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The Current Perspective of Adjuvant Therapy and It's Future Outlook

Francisca Silva*

Department of Medicine, University of Sao Paulo, Brazil, Brazil

*Corresponding Author:
Francisca Silva
Department of Medicine, University of Sao Paulo, Brazil, Brazil

Received: 01-Jun-2023, Manuscript No. RCT-23- 101298; Editor assigned: 05- Jun -2023, PreQC No. RCT-23- 101298 (PQ); Reviewed: 19-Jun- 2023, QC No. RCT-23- 101298; Revised: 26-Jun-2023, Manuscript No. RCT-23- 101298 (R); Published: 03-Jul-2023, DOI: 10.4172/Rep Cancer Treat.7.2.007. 

Citation: Silva F. The Current Perspective of Adjuvant Therapy and It’s Future Outlook. RRJ Cancer and Treatment. 2023; 7: 007.

Copyright: © 2023 Silva F. This is an open-access article distributed under the terms of the Creative Commons Attribution License, which permits unrestricted use, distribution, and reproduction in any medium, provided the original author and source are credited.

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Adjuvant therapy refers to the additional treatment given after the primary treatment of cancer, such as surgery or radiation therapy, to reduce the risk of cancer recurrence or to treat undetectable metastases. Adjuvant therapy has been proven to improve survival rates in many types of cancer and is an important component of cancer treatment. The most commonly used adjuvant therapy is chemotherapy, which involves the use of drugs to kill cancer cells. Chemotherapy is often given with a specific schedule, such as a certain number of cycles over a set period of time [1]. The length and intensity of chemotherapy depend on the type of cancer, stage, and other individual patient factors. Another type of adjuvant therapy is radiation therapy, which uses high-energy rays to kill cancer cells or prevent their growth. Radiation therapy is often given after surgery to reduce the risk of cancer recurrence in the nearby area. Recently, there has been a rapid advancement in adjuvant therapy in cancer treatment. One of the most exciting developments is the use of targeted therapies, which target specific molecules or pathways that are important for cancer cell growth. These drugs can be given as a single agent or in combination with chemotherapy, and they have shown significant efficacy in several types of cancer. For example, trastuzumab, a targeted therapy for HER2-positive breast cancer, has been shown to significantly improve survival in patients with early-stage breast cancer. Another area of advancement is immunotherapy, which has been a game-changer in the treatment of advanced or metastatic cancer. Immunotherapy stimulates the immune system to recognize and attack cancer cells and is less toxic than chemotherapy [2].

In addition to these approaches, other adjuvant therapies, such as hormone therapy, targeted radionuclide therapy, and photodynamic therapy, are also being developed and investigated in clinical trials. Despite the significant progress made in adjuvant therapy for cancer treatment, there are still limitations and challenges to overcome.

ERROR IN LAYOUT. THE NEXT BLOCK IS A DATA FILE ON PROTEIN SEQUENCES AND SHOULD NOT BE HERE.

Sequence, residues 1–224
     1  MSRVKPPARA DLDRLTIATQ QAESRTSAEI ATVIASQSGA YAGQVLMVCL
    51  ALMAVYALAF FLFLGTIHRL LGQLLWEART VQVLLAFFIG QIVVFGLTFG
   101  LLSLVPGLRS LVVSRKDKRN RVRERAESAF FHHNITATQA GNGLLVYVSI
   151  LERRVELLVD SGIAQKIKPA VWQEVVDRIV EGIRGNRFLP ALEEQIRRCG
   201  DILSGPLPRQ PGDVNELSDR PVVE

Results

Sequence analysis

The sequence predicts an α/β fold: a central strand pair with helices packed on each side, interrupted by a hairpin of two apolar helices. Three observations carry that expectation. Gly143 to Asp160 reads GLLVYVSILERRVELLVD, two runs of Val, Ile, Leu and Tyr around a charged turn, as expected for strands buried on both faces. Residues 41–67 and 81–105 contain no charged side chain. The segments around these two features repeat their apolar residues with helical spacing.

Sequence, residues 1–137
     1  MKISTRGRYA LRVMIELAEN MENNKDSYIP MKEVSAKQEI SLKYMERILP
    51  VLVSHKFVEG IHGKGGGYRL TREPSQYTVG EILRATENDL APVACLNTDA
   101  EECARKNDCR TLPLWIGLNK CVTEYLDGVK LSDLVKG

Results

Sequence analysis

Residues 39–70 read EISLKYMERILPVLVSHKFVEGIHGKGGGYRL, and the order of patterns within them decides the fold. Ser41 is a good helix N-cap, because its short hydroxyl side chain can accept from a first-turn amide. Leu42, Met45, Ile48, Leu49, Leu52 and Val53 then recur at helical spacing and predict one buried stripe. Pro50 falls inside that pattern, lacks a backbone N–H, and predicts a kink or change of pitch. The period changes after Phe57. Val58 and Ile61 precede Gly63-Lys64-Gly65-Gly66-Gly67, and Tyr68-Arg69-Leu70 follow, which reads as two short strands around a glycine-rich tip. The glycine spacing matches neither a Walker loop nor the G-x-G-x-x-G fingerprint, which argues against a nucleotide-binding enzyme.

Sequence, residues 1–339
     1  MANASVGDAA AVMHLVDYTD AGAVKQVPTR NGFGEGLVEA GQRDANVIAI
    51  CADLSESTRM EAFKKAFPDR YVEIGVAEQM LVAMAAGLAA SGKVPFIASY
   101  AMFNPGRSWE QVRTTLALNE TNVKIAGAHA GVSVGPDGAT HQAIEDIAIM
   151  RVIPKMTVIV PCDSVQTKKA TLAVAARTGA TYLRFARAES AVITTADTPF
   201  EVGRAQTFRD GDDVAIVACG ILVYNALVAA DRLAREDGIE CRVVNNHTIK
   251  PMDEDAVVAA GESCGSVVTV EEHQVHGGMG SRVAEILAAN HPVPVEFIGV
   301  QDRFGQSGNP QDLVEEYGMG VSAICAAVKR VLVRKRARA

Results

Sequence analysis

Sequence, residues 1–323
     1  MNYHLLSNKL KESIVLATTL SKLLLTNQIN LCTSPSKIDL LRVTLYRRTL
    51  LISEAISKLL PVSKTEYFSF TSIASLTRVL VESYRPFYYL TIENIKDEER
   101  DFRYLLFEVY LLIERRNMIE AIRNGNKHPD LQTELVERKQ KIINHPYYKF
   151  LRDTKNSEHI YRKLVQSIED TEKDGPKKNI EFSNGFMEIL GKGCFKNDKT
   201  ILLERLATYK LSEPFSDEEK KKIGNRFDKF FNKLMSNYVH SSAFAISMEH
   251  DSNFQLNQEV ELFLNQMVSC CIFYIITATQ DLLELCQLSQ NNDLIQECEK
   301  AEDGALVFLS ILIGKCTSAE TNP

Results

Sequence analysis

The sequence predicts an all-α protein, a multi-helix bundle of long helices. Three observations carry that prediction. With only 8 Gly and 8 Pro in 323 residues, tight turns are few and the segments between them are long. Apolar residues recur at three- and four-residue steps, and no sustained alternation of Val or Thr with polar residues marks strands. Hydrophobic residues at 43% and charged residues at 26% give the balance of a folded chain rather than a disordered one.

Resistance to treatment and adverse effects are major concerns, and not all patients respond equally well to adjuvant therapy. Additionally, the high cost of some of these therapies can be a barrier to access for some patients. Adjuvant therapy is an important component of cancer treatment, and recent advances in chemotherapy, radiation therapy, targeted therapy, and immunotherapy have improved outcomes for many cancer patients. However, there is still a need for further research and development to overcome the limitations and challenges of adjuvant therapy [3]. One of the major barriers to successful adjuvant therapy is resistance to treatment. Tumor cells can develop resistance to chemotherapy, targeted therapy, and radiation therapy, rendering treatment ineffective. Overcoming resistance to treatment is a major focus in cancer research, and new strategies are being developed to target resistant cancer cells and improve patient outcomes. Another challenge is the adverse effects of therapy, which can impact quality of life and lead to treatment interruptions or discontinuation. Efforts to minimize these adverse effects, such as the use of less toxic chemotherapy regimens and improved supportive care, are ongoing. Access to therapy is another important issue, particularly in low- and middle-income countries [4]. The high cost of some adjuvant therapies can make them inaccessible to many patients. There is a need for innovative strategies to improve access to essential adjuvant therapies and reduce the financial burden on patients. Looking to the future, there are several areas of research that hold promise for improving adjuvant therapy. The use of liquid biopsies, which allow for the noninvasive detection of biomarkers that can predict treatment response or detect minimal residual disease, is an exciting area of research. Additionally, advances in genomic profiling and personalized medicine are facilitating the development of tailored treatment approaches that take into account individual patient characteristics and tumor biology [5].

Adjuvant therapy is a critical component of cancer treatment, and recent advances in cancer therapy have greatly improved outcomes for many cancer patients. Further research is needed to overcome the challenges and limitations of adjuvant therapy, with a focus on improving treatment efficacy, minimizing adverse effects, and ensuring access to essential therapies. The future of adjuvant therapy is bright, with ongoing developments that are likely to lead to further improvements in cancer outcomes.